Tension headache can be divided into two types: Episodic - usually associated with some stressful event, is of moderate intensity, self-limited, and usually responds to nonprescription preparations; and Chronic - often recurring daily, bilateral location, usually occipito-frontal and associated with contracted muscles of the neck and scalp.
A cluster headache is characterized by attacks of severe, unilateral headache around the eye and temple with ipsilateral lacrimation, rhinorrhea, ptosis, miosis and nasal stuffiness. Attacks last approximately 30-120 minutes and occur 1-3 times per day (often waking the patient) at the same time of day for up to 12 weeks typically followed by 1-24 months without an attack.
Tension headaches can be caused by: poor posture; stress and/or anxiety; depression (found in 70% of those with daily headache); low platelet serotonin; cervical osteoarthritis; or intramuscular vasoconstriction. Risk factors for tension headaches include: obstructive sleep apnea; medications; and excess caffeine.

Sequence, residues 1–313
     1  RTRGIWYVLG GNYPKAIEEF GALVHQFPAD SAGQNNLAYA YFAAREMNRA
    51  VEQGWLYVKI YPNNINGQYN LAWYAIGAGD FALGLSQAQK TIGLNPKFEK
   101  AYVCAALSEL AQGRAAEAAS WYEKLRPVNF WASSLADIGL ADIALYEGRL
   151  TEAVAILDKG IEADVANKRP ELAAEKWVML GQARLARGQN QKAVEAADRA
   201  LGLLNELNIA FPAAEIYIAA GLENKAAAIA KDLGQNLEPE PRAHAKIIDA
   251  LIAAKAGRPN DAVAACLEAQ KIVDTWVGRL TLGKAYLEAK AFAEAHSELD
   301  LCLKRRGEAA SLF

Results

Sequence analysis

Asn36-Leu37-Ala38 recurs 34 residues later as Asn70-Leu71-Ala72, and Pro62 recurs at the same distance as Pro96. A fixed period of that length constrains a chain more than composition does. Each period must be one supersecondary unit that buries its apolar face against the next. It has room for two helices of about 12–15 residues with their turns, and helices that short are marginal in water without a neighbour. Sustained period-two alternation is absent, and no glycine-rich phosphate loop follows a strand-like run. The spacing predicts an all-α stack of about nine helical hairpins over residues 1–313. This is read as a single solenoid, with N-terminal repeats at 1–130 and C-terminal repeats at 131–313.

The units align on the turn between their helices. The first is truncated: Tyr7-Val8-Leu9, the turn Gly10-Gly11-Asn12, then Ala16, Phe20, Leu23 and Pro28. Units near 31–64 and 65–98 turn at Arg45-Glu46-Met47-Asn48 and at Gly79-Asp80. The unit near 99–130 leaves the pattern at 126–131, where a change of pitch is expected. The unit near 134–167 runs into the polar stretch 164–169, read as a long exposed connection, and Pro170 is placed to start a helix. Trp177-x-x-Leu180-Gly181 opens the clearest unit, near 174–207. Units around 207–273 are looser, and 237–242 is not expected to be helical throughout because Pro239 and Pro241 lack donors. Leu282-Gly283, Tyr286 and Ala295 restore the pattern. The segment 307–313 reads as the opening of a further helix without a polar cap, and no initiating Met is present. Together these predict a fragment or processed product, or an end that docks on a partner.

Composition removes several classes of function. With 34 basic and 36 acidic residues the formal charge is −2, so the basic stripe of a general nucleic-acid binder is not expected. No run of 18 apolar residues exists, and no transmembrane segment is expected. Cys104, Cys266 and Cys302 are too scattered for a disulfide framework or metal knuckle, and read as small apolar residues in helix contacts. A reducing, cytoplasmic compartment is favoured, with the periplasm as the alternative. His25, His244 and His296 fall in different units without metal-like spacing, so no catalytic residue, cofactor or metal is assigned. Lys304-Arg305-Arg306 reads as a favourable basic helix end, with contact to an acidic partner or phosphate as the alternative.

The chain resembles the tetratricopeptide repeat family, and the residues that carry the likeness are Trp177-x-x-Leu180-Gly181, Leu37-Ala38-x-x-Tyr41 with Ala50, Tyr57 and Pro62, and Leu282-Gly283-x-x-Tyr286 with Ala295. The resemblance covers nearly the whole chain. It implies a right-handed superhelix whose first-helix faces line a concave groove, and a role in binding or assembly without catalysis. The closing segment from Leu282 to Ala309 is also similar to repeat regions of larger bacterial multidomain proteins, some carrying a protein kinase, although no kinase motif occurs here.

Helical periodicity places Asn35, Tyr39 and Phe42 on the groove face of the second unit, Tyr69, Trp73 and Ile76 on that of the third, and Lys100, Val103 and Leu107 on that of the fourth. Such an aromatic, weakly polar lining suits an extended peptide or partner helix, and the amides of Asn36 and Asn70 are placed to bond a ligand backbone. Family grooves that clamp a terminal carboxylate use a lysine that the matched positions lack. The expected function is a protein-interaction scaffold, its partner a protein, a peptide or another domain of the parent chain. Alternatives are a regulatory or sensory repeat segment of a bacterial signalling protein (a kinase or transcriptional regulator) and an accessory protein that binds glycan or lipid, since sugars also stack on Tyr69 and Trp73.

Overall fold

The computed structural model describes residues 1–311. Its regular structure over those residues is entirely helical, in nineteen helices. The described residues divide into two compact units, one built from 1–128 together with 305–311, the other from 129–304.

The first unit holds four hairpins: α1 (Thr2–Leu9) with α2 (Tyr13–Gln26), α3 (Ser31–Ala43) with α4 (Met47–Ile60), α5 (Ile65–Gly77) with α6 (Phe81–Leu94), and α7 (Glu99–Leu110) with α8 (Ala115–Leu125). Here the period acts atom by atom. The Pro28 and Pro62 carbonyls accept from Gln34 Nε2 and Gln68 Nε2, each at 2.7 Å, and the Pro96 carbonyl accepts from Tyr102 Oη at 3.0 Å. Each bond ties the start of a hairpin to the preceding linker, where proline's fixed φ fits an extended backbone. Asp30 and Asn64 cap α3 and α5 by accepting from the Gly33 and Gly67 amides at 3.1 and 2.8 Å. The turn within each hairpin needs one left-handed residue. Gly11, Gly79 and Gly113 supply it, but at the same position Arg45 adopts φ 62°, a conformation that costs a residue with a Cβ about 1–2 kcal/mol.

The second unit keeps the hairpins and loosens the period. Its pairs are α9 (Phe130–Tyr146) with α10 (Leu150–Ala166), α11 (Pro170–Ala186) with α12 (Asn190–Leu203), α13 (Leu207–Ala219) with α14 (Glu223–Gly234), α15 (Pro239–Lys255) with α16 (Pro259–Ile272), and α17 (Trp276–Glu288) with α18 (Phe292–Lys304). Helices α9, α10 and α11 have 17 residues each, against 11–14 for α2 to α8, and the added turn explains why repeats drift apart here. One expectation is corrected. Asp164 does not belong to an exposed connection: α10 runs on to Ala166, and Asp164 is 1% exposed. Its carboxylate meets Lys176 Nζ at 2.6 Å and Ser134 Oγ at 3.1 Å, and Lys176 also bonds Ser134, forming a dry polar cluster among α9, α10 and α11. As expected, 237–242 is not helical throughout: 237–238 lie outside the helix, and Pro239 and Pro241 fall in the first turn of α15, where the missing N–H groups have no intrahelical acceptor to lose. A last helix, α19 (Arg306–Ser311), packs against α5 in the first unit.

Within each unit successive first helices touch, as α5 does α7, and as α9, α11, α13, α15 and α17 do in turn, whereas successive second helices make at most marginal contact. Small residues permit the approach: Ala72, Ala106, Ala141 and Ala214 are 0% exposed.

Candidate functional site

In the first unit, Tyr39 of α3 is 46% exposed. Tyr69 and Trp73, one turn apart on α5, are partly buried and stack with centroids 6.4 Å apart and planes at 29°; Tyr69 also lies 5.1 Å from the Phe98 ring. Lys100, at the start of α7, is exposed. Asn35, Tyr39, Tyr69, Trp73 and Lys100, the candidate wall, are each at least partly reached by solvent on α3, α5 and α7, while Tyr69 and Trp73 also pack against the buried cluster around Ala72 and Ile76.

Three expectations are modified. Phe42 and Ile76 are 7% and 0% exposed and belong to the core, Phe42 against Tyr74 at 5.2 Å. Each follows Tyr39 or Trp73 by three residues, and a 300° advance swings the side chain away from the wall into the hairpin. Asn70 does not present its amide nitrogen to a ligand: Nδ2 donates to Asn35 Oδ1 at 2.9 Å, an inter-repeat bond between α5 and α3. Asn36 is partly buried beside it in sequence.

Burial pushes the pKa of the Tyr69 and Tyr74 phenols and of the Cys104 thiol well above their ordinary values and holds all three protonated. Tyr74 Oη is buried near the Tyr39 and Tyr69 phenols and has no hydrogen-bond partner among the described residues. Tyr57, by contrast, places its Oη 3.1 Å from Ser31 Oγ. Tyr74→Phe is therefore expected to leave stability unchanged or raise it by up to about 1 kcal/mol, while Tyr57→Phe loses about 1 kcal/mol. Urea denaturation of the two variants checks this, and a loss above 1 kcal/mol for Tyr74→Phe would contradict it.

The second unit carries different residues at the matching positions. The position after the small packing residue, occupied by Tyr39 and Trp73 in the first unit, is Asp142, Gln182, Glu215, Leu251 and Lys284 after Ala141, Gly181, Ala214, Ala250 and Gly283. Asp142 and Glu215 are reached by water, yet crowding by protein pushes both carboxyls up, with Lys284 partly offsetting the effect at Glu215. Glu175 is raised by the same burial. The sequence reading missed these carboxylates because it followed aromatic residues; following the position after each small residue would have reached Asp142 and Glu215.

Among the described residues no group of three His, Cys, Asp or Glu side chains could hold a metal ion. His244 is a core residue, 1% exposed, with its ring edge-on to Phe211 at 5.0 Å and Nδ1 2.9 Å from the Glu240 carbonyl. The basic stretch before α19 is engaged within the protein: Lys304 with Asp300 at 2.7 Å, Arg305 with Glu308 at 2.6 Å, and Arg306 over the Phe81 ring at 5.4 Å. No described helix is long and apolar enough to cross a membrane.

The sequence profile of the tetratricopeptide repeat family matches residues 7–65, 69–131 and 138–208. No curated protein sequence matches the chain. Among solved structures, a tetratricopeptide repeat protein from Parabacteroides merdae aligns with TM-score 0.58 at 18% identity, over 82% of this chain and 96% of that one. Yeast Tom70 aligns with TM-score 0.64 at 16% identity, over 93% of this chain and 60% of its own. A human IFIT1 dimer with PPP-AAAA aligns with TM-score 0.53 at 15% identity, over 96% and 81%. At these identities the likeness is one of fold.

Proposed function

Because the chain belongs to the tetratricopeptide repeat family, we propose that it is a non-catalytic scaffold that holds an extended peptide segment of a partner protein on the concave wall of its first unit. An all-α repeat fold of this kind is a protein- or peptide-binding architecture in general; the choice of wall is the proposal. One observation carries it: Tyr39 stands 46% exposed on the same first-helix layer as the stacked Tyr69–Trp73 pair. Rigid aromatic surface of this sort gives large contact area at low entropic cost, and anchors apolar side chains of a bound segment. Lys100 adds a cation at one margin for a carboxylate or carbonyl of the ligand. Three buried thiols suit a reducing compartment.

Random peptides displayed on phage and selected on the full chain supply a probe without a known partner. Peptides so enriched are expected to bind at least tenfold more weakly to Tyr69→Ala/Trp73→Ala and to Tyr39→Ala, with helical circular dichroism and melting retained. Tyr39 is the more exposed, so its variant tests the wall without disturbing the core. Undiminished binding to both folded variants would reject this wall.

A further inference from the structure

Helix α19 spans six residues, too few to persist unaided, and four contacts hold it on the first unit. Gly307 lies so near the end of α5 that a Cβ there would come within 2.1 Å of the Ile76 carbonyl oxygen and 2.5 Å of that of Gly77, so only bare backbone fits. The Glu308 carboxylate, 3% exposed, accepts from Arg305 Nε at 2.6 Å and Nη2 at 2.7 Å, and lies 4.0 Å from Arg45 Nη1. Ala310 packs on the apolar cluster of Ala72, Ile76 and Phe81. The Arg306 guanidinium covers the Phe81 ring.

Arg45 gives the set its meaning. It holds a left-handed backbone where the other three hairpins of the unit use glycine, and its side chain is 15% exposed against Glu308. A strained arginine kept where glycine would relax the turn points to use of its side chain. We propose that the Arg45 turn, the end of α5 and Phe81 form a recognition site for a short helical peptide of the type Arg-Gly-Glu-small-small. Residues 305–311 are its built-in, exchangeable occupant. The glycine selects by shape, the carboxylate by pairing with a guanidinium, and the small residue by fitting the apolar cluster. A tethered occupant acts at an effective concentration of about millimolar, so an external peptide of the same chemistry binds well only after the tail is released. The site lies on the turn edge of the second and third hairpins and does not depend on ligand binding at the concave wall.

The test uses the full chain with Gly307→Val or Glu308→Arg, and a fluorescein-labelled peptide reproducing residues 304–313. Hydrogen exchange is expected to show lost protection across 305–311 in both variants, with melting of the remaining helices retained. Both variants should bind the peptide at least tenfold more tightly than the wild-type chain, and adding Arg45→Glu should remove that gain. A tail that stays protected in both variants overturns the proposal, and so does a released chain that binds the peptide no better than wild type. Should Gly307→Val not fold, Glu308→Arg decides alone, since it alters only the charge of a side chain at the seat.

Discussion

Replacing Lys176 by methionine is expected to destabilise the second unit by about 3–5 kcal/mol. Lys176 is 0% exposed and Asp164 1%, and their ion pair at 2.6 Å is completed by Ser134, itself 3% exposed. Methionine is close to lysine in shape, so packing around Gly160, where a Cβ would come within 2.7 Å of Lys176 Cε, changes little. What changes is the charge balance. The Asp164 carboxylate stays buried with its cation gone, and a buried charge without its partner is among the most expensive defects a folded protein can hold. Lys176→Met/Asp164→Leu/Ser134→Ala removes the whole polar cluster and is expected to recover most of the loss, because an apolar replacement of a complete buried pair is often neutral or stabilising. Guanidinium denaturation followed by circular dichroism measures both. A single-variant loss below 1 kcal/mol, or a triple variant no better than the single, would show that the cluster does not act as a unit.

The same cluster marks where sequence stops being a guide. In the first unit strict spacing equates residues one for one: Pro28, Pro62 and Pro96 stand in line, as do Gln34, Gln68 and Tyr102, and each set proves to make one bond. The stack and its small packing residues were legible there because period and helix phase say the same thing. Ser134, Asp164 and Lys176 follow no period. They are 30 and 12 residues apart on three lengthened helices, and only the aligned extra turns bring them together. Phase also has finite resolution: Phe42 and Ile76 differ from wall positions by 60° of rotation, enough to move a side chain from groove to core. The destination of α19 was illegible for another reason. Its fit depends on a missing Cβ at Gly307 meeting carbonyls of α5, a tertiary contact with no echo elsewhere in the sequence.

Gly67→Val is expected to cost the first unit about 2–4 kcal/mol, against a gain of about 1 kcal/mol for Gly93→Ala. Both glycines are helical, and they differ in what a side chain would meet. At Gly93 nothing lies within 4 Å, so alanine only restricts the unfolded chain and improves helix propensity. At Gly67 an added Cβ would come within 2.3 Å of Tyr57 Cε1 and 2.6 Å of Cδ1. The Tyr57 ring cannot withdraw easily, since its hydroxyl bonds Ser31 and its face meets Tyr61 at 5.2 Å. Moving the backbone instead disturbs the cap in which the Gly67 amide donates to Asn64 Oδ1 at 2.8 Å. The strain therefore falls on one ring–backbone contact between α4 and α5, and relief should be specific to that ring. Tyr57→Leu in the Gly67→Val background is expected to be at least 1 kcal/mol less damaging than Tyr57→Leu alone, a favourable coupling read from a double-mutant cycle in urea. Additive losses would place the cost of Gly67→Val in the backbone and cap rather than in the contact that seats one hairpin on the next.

The exact cause of cluster headaches is unknown. Several mechanisms have been proposed, including: disorder of arterial tone in cerebral arteries; disturbance of circadian rhythm based in hypothalamus; disorder of serotonin metabolism or transmission in CNS; and disorder of histamine concentrations or receptors. Risk factors include: male sex; age > 30 years; and previous head injury or surgery. Attacks may be triggered by nitroglycerine or alcohol.
Ovarian hormones have a significant effect on the central nervous system of female migraineurs. Reproductive milestones such as menarche, pregnancy, and menopause are associated with changes in the clinical course of migraine headache. Migraine attacks are commonly triggered during declines in serum estrogen levels that occur before and during the time of menstruation. Therefore, substantial clinical evidence suggests that changes in ovarian hormones affect migraine headache.
Standard labs include a CBC, SMAC-20, and Thyroid studies. An ESR is ordered for those over 50 years of age. Imaging studies include an X-ray of cervical spine.
A CT or MRI of the head is necessary only when headache pattern has recently changed or there is a positive finding on neurological exam.
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